Cambridge Dictionaries online Cambridge Dictionaries online

The most popular online dictionary and thesaurus for learners of English

English definition of “innocent”

See all translations

innocent

adjective uk   /ˈɪn.ə.sənt/ us  

innocent adjective (NOT GUILTY)

B2 (of a person) not guilty of a particular crime: He firmly believes that she is innocent of the crime.
Compare
More examples

innocent adjective (NO EXPERIENCE)

B2 having no knowledge of the unpleasant and evil things in life: She has such an innocent face that I find it hard to believe anything bad of her.

innocent adjective (NOT INVOLVED)

B2 An innocent person is someone who is not involved with any military group or war: Several innocent bystanders were injured in the explosion.

innocent adjective (NOT INTENDED TO HARM)

C2 (of a thing) not intended to harm anyone: It was an innocent remark, I didn't mean to hurt his feelings.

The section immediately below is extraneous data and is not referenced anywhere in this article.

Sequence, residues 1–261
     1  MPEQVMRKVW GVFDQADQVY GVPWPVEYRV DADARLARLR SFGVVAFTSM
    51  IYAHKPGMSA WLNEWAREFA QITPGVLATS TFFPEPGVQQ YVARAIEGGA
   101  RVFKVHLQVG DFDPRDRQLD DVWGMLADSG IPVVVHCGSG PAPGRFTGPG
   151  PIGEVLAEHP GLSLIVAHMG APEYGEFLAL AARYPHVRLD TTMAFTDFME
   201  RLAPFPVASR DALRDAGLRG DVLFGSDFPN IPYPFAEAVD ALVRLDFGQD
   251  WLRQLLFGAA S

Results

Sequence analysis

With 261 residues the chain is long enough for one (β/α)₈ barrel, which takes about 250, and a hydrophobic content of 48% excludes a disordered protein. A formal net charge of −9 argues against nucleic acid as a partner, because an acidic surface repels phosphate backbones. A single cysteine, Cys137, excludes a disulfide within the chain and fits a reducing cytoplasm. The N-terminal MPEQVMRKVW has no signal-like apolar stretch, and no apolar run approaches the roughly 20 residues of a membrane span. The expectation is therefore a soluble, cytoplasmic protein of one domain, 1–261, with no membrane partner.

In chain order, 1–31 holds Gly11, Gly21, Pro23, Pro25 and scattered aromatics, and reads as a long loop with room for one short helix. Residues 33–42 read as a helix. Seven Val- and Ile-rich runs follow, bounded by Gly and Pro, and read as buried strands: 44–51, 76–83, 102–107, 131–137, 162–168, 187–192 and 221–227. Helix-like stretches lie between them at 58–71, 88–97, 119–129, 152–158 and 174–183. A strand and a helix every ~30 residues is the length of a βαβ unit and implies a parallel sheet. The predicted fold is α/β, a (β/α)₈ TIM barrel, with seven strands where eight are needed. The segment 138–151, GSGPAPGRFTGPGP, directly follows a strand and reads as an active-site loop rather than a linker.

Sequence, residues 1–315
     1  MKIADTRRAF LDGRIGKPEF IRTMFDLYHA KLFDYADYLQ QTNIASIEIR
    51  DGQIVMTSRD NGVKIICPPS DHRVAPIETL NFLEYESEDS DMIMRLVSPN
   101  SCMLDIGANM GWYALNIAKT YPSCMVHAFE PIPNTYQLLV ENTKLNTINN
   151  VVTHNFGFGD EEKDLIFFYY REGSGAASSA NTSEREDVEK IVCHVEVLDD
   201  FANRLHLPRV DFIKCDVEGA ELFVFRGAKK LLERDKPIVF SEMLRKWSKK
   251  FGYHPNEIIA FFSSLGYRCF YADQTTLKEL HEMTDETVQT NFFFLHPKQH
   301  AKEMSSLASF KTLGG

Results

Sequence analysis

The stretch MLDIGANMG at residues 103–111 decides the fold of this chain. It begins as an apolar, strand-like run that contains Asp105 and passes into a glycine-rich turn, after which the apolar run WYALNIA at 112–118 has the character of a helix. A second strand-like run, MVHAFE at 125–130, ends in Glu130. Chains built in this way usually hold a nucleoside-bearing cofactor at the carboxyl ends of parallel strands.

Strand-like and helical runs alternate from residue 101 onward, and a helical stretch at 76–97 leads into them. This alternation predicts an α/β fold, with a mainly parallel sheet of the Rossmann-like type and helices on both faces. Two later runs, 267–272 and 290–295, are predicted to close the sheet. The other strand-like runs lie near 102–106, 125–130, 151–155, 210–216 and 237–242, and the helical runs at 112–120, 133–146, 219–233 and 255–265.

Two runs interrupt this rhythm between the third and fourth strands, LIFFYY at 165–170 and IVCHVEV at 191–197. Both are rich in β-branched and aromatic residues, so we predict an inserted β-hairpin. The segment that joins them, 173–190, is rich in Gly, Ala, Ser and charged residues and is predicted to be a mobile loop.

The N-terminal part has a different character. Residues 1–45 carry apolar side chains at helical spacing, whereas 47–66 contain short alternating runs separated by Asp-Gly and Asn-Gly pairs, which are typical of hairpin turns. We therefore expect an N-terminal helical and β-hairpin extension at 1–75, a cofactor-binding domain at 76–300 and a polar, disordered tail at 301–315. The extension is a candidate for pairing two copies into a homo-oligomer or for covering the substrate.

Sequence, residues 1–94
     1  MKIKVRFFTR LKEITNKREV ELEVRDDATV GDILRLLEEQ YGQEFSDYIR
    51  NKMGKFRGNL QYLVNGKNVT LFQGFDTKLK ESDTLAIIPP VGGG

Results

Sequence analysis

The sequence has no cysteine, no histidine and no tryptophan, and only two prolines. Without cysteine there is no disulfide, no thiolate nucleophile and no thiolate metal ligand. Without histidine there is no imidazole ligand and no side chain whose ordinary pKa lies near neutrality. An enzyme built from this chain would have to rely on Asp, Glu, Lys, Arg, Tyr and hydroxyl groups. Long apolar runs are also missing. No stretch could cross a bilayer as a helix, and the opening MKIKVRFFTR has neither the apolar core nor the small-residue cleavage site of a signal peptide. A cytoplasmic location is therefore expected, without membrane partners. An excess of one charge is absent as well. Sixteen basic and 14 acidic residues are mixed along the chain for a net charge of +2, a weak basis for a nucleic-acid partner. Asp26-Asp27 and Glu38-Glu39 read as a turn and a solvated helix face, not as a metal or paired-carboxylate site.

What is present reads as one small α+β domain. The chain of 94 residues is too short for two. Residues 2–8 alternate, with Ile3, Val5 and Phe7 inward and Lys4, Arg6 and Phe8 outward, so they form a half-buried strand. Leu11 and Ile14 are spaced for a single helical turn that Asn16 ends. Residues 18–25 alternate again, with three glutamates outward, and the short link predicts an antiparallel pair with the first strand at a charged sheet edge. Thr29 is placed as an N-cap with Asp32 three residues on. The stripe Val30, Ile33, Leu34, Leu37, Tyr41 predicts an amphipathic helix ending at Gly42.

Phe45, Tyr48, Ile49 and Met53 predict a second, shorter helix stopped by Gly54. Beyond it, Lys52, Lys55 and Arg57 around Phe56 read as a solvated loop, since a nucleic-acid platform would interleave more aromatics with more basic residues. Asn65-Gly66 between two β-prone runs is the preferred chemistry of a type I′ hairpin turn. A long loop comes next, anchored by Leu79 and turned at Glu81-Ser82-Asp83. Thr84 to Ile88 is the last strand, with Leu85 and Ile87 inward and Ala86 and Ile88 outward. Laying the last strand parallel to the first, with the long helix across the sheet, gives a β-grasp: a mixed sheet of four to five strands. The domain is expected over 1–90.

innocently
adverb uk   /-li/ us  
B2 "Have I done something wrong?" she asked innocently (= seeming not to have done anything wrong). He said he had obtained the television innocently, not knowing it had been stolen.

innocent

noun [C] uk   /ˈɪn.ə.sənt/ us  
a person who has very little experience and does not know about the bad things that happen in life
(Definition of innocent from the Cambridge Advanced Learners Dictionary & Thesaurus © Cambridge University Press)
What is the pronunciation of innocent?
Add Cambridge dictionaries to your browser to your website

Definitions of “innocent” in other dictionaries

Word of the Day

glacial

made or left by a glacier

Word of the Day

Let’s celebrate! (words and phrases for parties)

by Kate Woodford,
December 17, 2014
​​​ With Christmas and New Year almost upon us, we thought it a good time to look at the language of parties and celebrations. First, let’s start with the word ‘party’ itself. To have or throw a party or, less commonly, to give a party is to arrange a party: We’re having a

Read More 

cinderella surgery noun

December 15, 2014
cosmetic surgery to the feet We have all heard of people having nose jobs, boob jobs and liposuction – but now a new trend growing in popularity in America: Cinderella surgery.

Read More